12. December 2022

MTG-I1 – Launch­ing a new era of Eu­ro­pean weath­er ob­ser­va­tion

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Space
Launch of Ariane 5 with the MTG-I1 weather satellite
Launch of Ar­i­ane 5 with the MTG-I1 weath­er satel­lite
Image 1/5, Credit: © 2022 ESA-CNES-ARIANESPACE / Optique video du CSG-S MARTIN

Launch of Ariane 5 with the MTG-I1 weather satellite

On 13 De­cem­ber 2022 at 21:30 CET (17:30 lo­cal time in Kourou), the Ar­i­ane 5 launch ve­hi­cle with the weath­er satel­lite MTG-I1 (Me­teosat Third Gen­er­a­tion Im­ager-1) on board was suc­cess­ful­ly launched in­to space from Eu­rope’s Space­port in French Guiana.
The MTG-I1 weather satellite launches into space
The MTG-I1 weath­er satel­lite launch­es in­to space
Image 2/5, Credit: ESA–M. Pedoussaut

The MTG-I1 weather satellite launches into space

The weath­er satel­lite MTG-I1 (Me­teosat Third Gen­er­a­tion Im­ager-I), which will fun­da­men­tal­ly change short-term weath­er fore­cast­ing in Eu­rope, lift­ed off on 13 De­cem­ber at 21:30 CET (17:30 lo­cal time in Kourou) on board an Ar­i­ane 5 launch ve­hi­cle from Eu­rope’s Space­port in French Guiana. MTG-I1 will de­liv­er twice the tem­po­ral and spa­tial res­o­lu­tion and 100 times the da­ta rate of pre­vi­ous gen­er­a­tions and will al­so ac­cu­rate­ly record light­ning and thus re­gion­al thun­der­storms.
MTG-I1 in space
MTG-I1 in space
Image 3/5, Credit: ESA/Mlabspace/CC BY-SA 3.0 IGO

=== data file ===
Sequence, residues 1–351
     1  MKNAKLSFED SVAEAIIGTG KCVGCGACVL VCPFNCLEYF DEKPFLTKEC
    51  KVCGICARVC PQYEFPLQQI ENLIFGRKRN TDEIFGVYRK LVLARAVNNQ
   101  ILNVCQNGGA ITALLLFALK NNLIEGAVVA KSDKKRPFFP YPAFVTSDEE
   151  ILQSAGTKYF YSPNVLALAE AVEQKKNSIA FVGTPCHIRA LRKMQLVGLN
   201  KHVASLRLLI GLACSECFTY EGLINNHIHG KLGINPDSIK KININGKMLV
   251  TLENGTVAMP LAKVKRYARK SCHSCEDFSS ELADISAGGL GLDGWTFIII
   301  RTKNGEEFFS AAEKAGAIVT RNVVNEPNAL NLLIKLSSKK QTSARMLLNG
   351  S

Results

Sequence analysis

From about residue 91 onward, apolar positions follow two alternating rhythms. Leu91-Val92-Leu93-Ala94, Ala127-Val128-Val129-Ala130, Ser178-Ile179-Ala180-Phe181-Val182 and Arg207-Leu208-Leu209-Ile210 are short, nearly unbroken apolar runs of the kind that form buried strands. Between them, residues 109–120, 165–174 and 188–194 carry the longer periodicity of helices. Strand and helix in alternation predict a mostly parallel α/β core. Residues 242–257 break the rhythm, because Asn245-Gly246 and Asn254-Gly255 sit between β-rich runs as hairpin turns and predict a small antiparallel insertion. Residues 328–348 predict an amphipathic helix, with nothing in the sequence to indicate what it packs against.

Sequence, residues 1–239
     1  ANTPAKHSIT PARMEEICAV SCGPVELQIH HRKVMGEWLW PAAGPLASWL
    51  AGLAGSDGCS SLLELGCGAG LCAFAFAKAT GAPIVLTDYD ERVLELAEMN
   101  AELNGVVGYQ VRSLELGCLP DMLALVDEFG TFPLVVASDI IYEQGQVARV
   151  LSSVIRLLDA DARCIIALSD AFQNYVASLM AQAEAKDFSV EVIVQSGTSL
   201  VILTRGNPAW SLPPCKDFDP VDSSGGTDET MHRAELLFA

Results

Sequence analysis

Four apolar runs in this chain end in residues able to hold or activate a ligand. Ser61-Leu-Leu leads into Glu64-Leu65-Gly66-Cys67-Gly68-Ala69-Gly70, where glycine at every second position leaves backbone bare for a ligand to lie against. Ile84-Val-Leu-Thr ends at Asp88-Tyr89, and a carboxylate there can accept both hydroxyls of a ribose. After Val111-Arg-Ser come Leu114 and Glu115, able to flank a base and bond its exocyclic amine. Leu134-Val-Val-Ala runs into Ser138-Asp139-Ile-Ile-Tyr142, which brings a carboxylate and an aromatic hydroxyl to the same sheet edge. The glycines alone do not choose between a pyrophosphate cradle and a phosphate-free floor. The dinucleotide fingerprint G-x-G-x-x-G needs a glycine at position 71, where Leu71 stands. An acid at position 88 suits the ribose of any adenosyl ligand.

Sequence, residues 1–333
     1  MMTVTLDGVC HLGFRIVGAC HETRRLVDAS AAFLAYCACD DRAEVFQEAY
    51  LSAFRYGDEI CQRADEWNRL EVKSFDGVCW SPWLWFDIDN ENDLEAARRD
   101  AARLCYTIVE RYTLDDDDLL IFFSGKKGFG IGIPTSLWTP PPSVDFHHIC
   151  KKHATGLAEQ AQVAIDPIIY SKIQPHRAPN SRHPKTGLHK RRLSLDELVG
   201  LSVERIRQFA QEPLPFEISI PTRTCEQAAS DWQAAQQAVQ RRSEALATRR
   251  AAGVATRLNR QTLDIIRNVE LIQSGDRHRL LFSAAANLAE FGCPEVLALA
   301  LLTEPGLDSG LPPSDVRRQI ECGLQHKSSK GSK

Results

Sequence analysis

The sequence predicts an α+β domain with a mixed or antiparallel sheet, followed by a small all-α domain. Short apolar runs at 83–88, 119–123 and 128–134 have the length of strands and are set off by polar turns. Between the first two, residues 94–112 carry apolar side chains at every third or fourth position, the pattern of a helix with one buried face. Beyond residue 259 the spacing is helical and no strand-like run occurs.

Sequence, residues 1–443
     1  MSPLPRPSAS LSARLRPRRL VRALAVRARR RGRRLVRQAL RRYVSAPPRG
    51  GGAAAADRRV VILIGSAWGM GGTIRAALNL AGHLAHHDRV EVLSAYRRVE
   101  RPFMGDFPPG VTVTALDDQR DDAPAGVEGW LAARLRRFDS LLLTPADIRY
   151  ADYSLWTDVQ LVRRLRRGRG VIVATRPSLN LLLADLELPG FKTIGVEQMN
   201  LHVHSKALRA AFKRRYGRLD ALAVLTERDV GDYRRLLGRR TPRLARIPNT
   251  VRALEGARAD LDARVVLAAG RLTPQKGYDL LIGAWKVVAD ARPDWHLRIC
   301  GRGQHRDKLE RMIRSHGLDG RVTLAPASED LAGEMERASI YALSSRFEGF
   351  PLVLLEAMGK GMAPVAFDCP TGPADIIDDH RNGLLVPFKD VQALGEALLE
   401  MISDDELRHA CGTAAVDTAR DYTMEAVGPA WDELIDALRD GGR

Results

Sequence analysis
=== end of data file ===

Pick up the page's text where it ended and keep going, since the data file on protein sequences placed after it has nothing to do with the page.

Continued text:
MTG-I1 in space

At an al­ti­tude of around 36,000 kilo­me­tres above the equa­tor, MTG-I1 will ob­serve weath­er pat­terns over Eu­rope and Africa.
Installation on the launch adapter
In­stal­la­tion on the launch adapter
Image 4/5, Credit: ESA/CNES/Arianespace

Installation on the launch adapter

Here, MTG-I1 is in­stalled on the launch adapter of the Ar­i­ane 5 launch ve­hi­cle. About 30 min­utes af­ter launch, the satel­lite will be re­leased in­to trans­fer or­bit.
Meteosat image of Earth
Me­teosat im­age of Earth
Image 5/5, Credit: EUMETSAT/ESA

Meteosat image of Earth

This im­age of Earth was tak­en by a Me­teosat Sec­ond Gen­er­a­tion se­ries satel­lite on 23 March 2022. The MTG se­ries will be able to de­liv­er twice the tem­po­ral and spa­tial res­o­lu­tion and 100 times the da­ta rate of pre­vi­ous gen­er­a­tions.
  • The Meteosat Third Generation Imager- 1 (MTG-I1) weather satellite launched into Space on 13 December 2022 at 21:30 CET on board an Ariane 5 launch vehicle from Europe’s Spaceport in French Guiana.
  • This first satellite of the latest generation of geostationary weather satellites marks the beginning of a new era of weather observation for Europe.\MTG-I1 delivers twice the temporal and spatial resolution and 100 times the data rate of previous generations. It can also accurately record lightning and thus regional thunderstorms.
  • Focus: Space, weather forecasting

+++ UPDATE: On 13 December 2022 at 21:30 CET (17:30 local time in Kourou), the Ariane 5 launch vehicle with the weather satellite MTG-I1 (Meteosat Third Generation Imager-1) on board was successfully launched into space from Europe’s Spaceport in French Guiana. +++

The Meteosat Third Generation Imager-1 (MTG-I1) satellite marks the beginning of a new era of weather observation for Europe: the first satellite of the latest generation of geostationary weather satellites launched into space on 13 December 2022 at 21:30 CET on board an Ariane 5 launch vehicle from Europe's spaceport in French Guiana. Approximately 30 minutes after launch, the satellite was released into transfer orbit. During its 10-year mission, the satellite will continuously provide data on weather events such as solar irradiance, wind conditions and heavy rain events, making weather forecasts even more accurate.

Early detection of thunderstorms, fog and forest fires